Fish Fixe

Fort Bend County friends Melissa Harrington and Emily Castro recently won an investment offer on the popular television series Shark Tank for their work on a seafood delivery service, called Fish Fixe.

Melissa Harrington and Emily Castro have been best friends for a long time, from the time they first met on the soccer pitch at Texas A&M University to their years spent as next-door neighbors after both moving to Houston.

But most recently, the duo has been hard at work on their business dream – an online premium seafood delivery business that ships frozen fish across the country and includes guidance on how to prepare the food, called Fish Fixe.

Harrington, who lives in Sugar Land, and the Katy resident Castro have been working on expanding the business since launching it in 2017, and recently received a major boost after appearing last week on ABC’s popular television series "Shark Tank."

“It was such a rush,” Castro said. “You’re going in, it’s the biggest pitch of our lives. We don’t remember parts of it.”

The Fort Bend County business partners took part in a somewhat dramatic Nov. 12 episode. Castro and Harrington went into the presentation seeking a $200,000 investment for about 8 percent equity in Fish Fixe.

Initially, shark Kevin O’Leary was the only one to make an offer to the Fort Bend County friends, under which he would provide the investment for 33.3 percent equity in the company. Harrington and Castro made a counteroffer of 25 percent, but O’Leary declined, and then shark Lori Greiner offered to invest at the 25 percent mark.

Harrington and Castro quickly agreed.

Beyond successfully pitching their business on a nationally-known television show, the appearance on "Shark Tank" has also been a game-changer for Harrington and Castro in several other ways, they said.

For one, Castro achieved her dream of appearing on the show, being a longtime fan of it, she said.

“I’d always dreamed of appearing on it,” she said. “Before this, when I was working in a full-time job, I’d always watch 'Shark Tank' in my free time.”

Their appearance never would have happened without Harrington’s help, Castro explained. Back in college, Castro played as a sweeper, or defender on the Aggies’ team, while Harrington was a striker. That mentality – of a goal-scorer and defensive-minded player – also define their role in business as well, Castro said.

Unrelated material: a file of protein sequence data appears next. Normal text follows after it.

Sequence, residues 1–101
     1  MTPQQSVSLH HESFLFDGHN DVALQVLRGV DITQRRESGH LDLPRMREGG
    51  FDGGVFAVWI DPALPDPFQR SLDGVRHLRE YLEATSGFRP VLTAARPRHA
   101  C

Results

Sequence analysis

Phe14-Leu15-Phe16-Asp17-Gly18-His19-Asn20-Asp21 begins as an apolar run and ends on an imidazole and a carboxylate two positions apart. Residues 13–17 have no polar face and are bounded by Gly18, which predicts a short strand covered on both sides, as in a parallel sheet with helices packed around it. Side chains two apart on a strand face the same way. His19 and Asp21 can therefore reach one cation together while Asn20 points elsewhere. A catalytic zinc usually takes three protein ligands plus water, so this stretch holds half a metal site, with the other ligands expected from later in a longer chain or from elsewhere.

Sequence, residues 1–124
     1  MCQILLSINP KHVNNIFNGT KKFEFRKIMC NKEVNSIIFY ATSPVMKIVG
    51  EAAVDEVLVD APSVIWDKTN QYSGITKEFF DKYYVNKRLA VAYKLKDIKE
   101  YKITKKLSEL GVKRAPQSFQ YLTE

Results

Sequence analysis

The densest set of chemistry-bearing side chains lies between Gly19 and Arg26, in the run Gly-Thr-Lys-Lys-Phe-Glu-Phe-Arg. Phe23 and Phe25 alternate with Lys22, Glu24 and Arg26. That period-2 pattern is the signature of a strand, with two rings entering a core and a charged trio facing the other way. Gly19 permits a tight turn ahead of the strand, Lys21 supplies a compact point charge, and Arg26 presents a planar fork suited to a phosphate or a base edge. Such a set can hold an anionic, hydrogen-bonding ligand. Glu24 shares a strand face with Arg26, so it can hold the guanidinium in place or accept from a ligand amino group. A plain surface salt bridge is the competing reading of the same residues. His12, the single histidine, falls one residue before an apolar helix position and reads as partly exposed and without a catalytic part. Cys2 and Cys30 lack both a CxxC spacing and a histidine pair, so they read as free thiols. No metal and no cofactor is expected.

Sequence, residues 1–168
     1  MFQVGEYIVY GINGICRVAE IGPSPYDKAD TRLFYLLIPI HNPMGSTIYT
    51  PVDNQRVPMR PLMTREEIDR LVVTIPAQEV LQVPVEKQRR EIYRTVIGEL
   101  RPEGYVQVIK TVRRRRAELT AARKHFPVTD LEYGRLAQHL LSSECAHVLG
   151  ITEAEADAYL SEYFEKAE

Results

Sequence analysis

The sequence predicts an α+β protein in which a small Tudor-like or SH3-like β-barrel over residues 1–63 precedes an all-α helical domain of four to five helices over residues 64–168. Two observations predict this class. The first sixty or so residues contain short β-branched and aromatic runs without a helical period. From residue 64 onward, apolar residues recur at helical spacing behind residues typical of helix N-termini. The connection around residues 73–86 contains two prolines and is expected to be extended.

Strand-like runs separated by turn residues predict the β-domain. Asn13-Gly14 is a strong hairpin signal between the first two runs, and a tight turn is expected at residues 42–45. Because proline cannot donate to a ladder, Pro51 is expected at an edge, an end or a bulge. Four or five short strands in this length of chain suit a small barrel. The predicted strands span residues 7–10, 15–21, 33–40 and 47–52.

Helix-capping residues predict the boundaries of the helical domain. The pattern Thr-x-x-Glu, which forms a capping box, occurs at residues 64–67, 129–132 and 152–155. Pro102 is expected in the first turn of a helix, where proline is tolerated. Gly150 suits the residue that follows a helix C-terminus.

In this case, Castro was never quite sure Fish Fixe was ready to go on "Shark Tank," so Harrington submitted them and then informed Castro, according to Castro.

“I’m glad she did,” Castro said.

Since the episode aired, Fish Fixe has also seen a sizeable uptick both in business and also other calls from vendors seeking to help them solve their shipping logistics issues, Castro said.

The business partners went on "Shark Tank," in part, to try to solve pandemic-related issues surrounding their shipping to the west and east coasts, they said. Before the pandemic, most of their business was local, around the Houston region all the way into Louisiana.

But with more people stuck at home, orders from California and New York have trended up, meaning the Fort Bend business is spending more money to ship to new customers, they explained.

Harrington and Castro won over the sharks in no small part because of their business background before launching Fish Fixe. Harrington, a native of southern Louisiana, has worked in the seafood wholesale business since graduating from college and operates a warehouse with her husband.

Castro, meanwhile, began her career in the wine and spirits industry and has connections with many in the food business, she said.

“I’m thrilled to be investing in and partnering with the Fish Fixe team,” Greiner said. “Melissa and Emily are fantastic entrepreneurs, the product is so fresh and wonderful, some of the best seafood I’ve ever enjoyed right to my door.”

Those interested in learning more about the company can visit fishfixe.com. The delivery service offers all kinds of seafood options, including Norwegian salmon, wild-caught haddock, mahi mahi and many other items – all portioned into 6-ounce cuts, individually packaged and delivered to customers’ homes, according to a company news release.

(0) comments

Welcome to the discussion.

Keep it Clean. Please avoid obscene, vulgar, lewd, racist or sexually-oriented language.
PLEASE TURN OFF YOUR CAPS LOCK.
Don't Threaten. Threats of harming another person will not be tolerated.
Be Truthful. Don't knowingly lie about anyone or anything.
Be Nice. No racism, sexism or any sort of -ism that is degrading to another person.
Be Proactive. Use the 'Report' link on each comment to let us know of abusive posts.
Share with Us. We'd love to hear eyewitness accounts, the history behind an article.